Reviewed by: Ed Goodman
February 25 - March 9th
Being in and around radio most of all of my adult life, it’s always a treat for me to see a show like “Memphis”, now on stage at the Broward Center. I revisit the whys and wherefores of me becoming a DJ. It was simple - I wanted to be involved in the magic. I was lucky and got to follow my dream. Seeing a show like “Memphis” still reminds me of how fortunate I’ve been.
Before all the modern electronic conveniences we have today, radio was it -people spent hours listening to music at home and in their cars. Radio was a link to an unknown world. And it’s never been more pronounced than it is in “Memphis” – showing what radio does best – opening a small world to a bigger world of new ideas, and new music – rock n’ roll to be exact.
“Memphis”is very loosely based on the life and times of DJ Dewey Philips, who brought that music out of the underground clubs in Memphis to mainstream radio, back in the day before we ever heard about Motown or the Philadelphia sound. It was a daring and dangerous thing for a radio disc jockey to do, both for his career and personal safety.
With the show’s musical roots firmly entrenched in the blues/gospel sound of the city, the tempo soars from the get-go. The ensemble tears it up in with “Underground” to open the show, “Everybody Wants To Be Black on Saturday Night” and finishes with a rip-roaring finale of “Steal Your Rock n’ Roll”. Sandwiched in between are some solo and group standouts: Huey’s (Joey Elrose) “Memphis Lives In Me”, Felicia’s (Jasmin Richardson) “Colored Woman”, Gator’s (Avionce Hoyles) “Say A Prayer”, Bobby’s (Jerrial T Young) “Big Love” and Mama (Pat Sibley), Delray (RaMond Thomas), Bobby and Gator’s “Change Don’t Come Easy”. Kudos to all.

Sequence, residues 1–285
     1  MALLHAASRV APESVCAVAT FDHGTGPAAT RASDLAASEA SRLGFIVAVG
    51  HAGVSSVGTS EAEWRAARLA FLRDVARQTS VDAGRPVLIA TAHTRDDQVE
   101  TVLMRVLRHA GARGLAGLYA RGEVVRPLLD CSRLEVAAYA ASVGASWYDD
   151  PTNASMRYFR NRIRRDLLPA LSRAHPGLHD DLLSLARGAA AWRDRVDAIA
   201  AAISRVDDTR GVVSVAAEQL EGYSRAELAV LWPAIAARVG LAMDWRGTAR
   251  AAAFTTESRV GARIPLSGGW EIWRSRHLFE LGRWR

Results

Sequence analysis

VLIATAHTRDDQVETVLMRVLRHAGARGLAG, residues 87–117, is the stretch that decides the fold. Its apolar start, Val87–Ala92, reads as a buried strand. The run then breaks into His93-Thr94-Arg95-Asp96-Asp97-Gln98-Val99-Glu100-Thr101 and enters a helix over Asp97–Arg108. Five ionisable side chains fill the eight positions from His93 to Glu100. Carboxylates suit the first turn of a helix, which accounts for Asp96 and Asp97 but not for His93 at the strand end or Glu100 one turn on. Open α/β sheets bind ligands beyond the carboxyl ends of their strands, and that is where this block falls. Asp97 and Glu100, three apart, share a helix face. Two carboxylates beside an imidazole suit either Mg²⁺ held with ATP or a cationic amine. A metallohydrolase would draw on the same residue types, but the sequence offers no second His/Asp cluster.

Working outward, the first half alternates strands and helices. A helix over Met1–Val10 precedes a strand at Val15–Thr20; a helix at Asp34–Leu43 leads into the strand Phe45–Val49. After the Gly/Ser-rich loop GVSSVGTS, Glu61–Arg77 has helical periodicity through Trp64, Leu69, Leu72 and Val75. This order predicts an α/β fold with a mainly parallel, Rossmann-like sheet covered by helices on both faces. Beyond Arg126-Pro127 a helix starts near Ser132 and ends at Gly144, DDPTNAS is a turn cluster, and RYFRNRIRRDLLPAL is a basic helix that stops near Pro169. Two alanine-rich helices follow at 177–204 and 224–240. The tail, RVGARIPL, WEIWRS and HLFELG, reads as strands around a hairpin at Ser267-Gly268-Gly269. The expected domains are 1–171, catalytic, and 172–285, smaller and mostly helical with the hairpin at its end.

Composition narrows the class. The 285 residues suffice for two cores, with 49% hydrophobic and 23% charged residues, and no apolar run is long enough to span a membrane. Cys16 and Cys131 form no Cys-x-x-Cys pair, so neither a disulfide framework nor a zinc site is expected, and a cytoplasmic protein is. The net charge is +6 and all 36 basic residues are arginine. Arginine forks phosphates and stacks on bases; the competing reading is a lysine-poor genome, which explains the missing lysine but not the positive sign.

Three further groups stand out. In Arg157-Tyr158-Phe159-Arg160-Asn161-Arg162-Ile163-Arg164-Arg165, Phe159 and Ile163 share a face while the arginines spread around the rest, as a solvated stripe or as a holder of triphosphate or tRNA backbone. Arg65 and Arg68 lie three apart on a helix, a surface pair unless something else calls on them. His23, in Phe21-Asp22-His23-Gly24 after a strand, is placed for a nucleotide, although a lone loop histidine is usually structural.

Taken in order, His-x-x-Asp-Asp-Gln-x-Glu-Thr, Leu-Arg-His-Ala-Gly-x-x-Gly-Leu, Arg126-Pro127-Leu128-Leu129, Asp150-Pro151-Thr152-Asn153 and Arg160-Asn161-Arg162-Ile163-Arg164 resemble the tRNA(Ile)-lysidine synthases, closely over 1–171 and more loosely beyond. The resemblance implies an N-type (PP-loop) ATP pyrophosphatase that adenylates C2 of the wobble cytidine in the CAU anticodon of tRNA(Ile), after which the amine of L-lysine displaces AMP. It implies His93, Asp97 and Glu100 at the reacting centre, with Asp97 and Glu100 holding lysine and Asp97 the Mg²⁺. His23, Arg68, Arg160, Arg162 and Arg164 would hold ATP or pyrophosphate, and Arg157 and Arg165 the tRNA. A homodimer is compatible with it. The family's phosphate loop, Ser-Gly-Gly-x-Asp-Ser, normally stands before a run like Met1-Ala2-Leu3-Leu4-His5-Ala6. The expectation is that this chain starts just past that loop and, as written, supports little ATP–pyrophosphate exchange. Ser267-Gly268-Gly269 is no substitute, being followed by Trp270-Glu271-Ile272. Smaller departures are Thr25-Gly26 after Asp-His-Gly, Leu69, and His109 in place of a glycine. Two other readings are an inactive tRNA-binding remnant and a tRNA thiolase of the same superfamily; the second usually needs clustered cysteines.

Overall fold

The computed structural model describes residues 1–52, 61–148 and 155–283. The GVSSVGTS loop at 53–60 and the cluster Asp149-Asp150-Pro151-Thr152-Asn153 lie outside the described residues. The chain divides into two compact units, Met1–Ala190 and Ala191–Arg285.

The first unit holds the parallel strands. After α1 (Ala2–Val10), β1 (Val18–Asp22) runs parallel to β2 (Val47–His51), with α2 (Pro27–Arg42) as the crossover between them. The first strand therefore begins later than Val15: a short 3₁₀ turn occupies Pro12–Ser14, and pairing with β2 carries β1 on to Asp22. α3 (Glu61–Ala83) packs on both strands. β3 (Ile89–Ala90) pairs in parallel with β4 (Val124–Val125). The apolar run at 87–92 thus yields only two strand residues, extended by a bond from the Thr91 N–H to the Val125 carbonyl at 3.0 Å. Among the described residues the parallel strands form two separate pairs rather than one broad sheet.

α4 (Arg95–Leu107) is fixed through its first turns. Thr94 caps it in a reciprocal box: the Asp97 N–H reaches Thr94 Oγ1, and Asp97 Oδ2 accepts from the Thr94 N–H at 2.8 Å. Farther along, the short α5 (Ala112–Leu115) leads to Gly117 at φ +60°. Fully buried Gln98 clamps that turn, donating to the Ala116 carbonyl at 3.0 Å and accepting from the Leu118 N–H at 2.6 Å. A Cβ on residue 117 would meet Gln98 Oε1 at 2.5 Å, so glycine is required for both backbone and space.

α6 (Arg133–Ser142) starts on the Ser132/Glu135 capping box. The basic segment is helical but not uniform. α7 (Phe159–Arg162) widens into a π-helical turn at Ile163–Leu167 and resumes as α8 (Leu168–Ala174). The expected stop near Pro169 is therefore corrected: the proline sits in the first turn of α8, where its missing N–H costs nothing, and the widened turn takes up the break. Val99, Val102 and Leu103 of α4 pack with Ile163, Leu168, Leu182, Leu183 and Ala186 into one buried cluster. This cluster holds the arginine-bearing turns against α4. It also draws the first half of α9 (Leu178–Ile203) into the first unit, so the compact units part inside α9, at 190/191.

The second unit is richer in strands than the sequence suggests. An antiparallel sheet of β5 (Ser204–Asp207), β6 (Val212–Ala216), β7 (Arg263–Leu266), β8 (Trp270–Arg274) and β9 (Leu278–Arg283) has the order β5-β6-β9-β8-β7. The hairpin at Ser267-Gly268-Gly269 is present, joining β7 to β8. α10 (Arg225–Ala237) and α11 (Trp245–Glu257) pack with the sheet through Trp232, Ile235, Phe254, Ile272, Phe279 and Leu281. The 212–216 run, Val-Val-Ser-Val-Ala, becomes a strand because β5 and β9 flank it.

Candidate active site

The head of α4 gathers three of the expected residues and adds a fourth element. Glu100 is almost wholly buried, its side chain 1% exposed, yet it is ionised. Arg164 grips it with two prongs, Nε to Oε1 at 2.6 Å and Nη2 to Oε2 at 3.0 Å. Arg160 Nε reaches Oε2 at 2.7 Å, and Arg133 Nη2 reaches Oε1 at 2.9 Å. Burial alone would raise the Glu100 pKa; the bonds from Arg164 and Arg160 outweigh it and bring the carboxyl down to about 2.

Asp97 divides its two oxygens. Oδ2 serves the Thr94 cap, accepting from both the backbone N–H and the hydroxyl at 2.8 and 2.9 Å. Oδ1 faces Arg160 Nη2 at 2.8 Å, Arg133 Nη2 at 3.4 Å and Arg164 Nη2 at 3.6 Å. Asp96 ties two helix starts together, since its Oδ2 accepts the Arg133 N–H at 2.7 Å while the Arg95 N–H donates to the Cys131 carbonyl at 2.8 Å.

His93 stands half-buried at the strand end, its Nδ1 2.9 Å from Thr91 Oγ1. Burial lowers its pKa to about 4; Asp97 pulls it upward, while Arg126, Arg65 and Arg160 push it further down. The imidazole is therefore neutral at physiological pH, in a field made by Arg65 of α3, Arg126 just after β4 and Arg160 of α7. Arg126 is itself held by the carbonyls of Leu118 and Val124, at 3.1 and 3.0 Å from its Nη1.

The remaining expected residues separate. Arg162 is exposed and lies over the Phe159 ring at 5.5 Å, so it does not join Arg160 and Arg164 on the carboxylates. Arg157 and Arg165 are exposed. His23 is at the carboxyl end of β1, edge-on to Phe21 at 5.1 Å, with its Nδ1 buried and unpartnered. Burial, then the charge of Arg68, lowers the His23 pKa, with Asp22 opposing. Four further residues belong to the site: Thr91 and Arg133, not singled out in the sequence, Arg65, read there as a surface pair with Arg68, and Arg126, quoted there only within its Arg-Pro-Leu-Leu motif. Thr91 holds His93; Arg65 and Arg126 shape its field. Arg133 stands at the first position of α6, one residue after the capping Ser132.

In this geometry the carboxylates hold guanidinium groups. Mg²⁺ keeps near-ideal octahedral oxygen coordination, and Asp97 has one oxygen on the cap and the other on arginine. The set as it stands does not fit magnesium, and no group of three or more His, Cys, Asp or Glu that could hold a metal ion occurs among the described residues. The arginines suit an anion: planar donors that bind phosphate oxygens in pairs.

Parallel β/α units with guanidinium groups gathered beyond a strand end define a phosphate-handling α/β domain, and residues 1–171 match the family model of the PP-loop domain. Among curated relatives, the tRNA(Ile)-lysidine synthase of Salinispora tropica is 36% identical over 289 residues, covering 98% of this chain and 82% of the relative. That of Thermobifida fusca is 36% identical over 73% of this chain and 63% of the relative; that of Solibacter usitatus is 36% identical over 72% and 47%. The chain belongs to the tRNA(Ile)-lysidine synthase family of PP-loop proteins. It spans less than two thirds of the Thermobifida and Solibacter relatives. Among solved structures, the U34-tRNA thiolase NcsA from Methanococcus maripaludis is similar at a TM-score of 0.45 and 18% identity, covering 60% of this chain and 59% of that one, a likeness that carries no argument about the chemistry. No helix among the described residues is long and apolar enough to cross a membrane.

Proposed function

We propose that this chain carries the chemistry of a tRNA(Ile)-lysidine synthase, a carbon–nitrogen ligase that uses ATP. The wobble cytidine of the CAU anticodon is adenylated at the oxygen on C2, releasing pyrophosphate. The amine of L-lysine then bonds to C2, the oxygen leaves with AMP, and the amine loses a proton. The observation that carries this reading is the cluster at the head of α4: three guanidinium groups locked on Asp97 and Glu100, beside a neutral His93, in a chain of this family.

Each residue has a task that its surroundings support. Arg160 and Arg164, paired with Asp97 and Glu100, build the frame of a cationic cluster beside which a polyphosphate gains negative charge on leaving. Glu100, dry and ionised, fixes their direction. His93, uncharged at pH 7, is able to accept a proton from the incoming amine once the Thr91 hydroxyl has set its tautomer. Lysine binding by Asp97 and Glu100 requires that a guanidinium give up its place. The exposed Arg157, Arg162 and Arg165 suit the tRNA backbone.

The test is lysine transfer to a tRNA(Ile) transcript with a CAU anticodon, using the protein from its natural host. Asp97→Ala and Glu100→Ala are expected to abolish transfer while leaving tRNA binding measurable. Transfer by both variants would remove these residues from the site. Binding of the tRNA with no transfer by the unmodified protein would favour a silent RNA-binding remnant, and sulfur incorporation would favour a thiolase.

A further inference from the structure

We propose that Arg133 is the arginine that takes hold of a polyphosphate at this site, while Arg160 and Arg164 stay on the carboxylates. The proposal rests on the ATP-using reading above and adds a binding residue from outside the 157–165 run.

Elrose, as Huey, brings it from the start. High energy and enough swagger to fill a ballroom. His bravado is just that though, as he’d rather hang in Memphis trying to be that “big fish in a little pond” than take that big leap and chance “…against that Richard Clark guy…”. Richardson’s Felicia is the perfect counterpart to him and yet she has the drive to go for it – and she makes it. For a couple so much in love, I would have liked a little more fire between them – it would have helped me connect to both of them and their struggles.
Thomas and Sibley as Felicia’s brother and Huey’s mother bring all the bad and good that those times brought out in everyone. Stereotypes yes – but not far off the mark in the real world of the mid-south in the 50’s. Joe DiPetro’s book is a good one, with a timeless theme, even if a bit cumbersome and preachy in Act II. But it’s David Bryan’s (Bon Jovi) music that carries the show and the message, bringing out that unique Memphis sound that travelled up the river to St Louis, Chicago and points east and west, taking on a life of its own along the way.
It’s hard to pigeon-hole a show like “Memphis” because it isn’t just about radio, music and DJ’s. It covers a lot of ground: racism, opportunity, career, life goals and lost love. “Memphis” brings the message that we all are alike, wanting equity, equality, recognition and acceptance.
Marshall McCluhen once famously said “the medium is the message”. Here, the music is, with all its power to heal and hurt. “Memphis” gives us a very satisfying way to enjoy that music and message at the same time.
Tickets available at the box office or www.browardcenter.org